By R. Alan Clanton
Thursday Review Editor
The early 1980s, it seems, are back in vogue among the partisans of both major parties…and with good reason. Unemployment remains stubbornly high, gas prices are going up, and people feel uncertain about their economic future. Ronald Reagan’s words have been quoted more in the last two weeks than over the last two decades combined. The specter of Jimmy Carter’s 1980 defeat has been mentioned so frequently that an entire generation of younger voters is scouring the web in search of information about Georgia’s most famous peanut farmer. All that’s missing is for some hapless soul to mention the word “malaise.”
Back then, after four years of President Jimmy Carter, Americans were deeply uncertain—and polls showed dissatisfaction with Carter’s performance running almost as high as indecision about Reagan. Then, with only seven days to go before the election, an otherwise fair-to-middling televised debate ended with a few words by Reagan which historians agree may have been decisive. And what exactly were Reagan’s words—in context—to those millions of debate viewers in his closing remarks back in 1980?
“It may be well if you ask yourself,” Reagan said in his easygoing, understated style, “…are you better off than you were four years ago? Is it easier for you to go and buy things in the stores than it was four years ago? Is there more or less unemployment than there was four years ago? Is America as respected throughout the world as it was?” Though it took a few days for the real import of Reagan’s remarks to take hold, those simple, open questions to the undecided voters closed the deal. Some have argued that it was one of the most decisive moments in a contemporary election. Not only did Carter never recover in the polls, he was buried in a landslide the following Tuesday.[i]
Now fast-forward 32 years to another important historical pivot.
It’s a straightforward struggle between two points of view: Republicans following Mitt Romney’s banner say that the country is not better off, on the whole, than it was four years ago, and they want voters to change leadership in November. Democrats who heard the rallying cries this week—and those watching on TV—have been told that America certainly is better off, and by a wide stretch, through there is much work to be done in the next four years. So why not give President Obama a chance to continue with his work.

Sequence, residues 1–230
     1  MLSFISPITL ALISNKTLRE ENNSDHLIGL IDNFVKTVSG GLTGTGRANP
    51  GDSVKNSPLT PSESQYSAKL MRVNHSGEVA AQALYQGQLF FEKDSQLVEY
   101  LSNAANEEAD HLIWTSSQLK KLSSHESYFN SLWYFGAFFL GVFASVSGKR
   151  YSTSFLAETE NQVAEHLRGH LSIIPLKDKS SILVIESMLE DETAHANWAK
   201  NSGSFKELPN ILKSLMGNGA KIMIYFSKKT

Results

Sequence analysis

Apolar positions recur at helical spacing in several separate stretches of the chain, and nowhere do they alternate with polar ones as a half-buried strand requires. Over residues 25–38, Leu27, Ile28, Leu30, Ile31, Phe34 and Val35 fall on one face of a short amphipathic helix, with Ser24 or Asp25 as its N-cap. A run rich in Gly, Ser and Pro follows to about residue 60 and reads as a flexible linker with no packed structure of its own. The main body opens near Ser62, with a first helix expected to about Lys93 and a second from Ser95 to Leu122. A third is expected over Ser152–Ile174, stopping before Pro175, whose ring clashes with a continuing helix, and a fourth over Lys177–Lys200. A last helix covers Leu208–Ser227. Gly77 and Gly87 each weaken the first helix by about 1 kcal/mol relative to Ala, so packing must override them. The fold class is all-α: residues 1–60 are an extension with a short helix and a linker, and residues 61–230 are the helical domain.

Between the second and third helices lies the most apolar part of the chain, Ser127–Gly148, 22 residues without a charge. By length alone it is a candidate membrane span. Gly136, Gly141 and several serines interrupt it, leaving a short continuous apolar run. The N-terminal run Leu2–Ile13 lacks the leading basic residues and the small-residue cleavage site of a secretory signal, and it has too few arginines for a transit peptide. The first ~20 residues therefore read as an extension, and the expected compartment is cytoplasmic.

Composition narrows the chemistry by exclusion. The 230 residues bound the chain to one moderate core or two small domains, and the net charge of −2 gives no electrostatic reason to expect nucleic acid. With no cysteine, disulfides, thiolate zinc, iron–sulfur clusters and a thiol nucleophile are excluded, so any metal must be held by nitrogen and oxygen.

Though it was dim in direct comparison to Bill Clinton’s impressive speech on Wednesday night, Thursday was a barnburner in Charlotte—mostly for the working class ideal and the notion of middle class stability. Obama set aside his soaring rhetoric in favor of some street-level talk and some attitude adjustment. It was not Obama’s best speech, nor was it his most revealing. It was instead an appeal to Americans for patience, and a carefully crafted run-through—bullet point style—of his presidency. From the withdrawal of American troops from Iraq, to the killing of bin Laden, to the Affordable Health Care Act, the President—like Joe Biden before him that night—sought to find weightlessness, a way to rise above the mucky economy as the central issue.
With polls showing Romney and Obama in a virtual dead heat, it’s what's at the core of the struggle between the two major parties to re-calibrate and reframe the electoral template—with Democrats seeking to shepherd unaligned, independent and uncertain voters back into their ranks, and with Republicans seeking to replay their greatest triumph—that moment of re-alignment in November of 1980 when Americans rejected Jimmy Carter and elected Ronald Reagan in an avalanche.
Strategists for both the Republicans and the Democrats see it clearly, and the other issues are mere distractions. Romney wants to ignore the sidebar issues and keep the conversation focused on the economy. This is his winning hand, and it trumps all other considerations. Obama and his top people seek to light other brushfires—marriage rights, birth control, immigration, Medicare, even war—in an attempt to redirect the narrative away from unemployment and the harsh economic realities.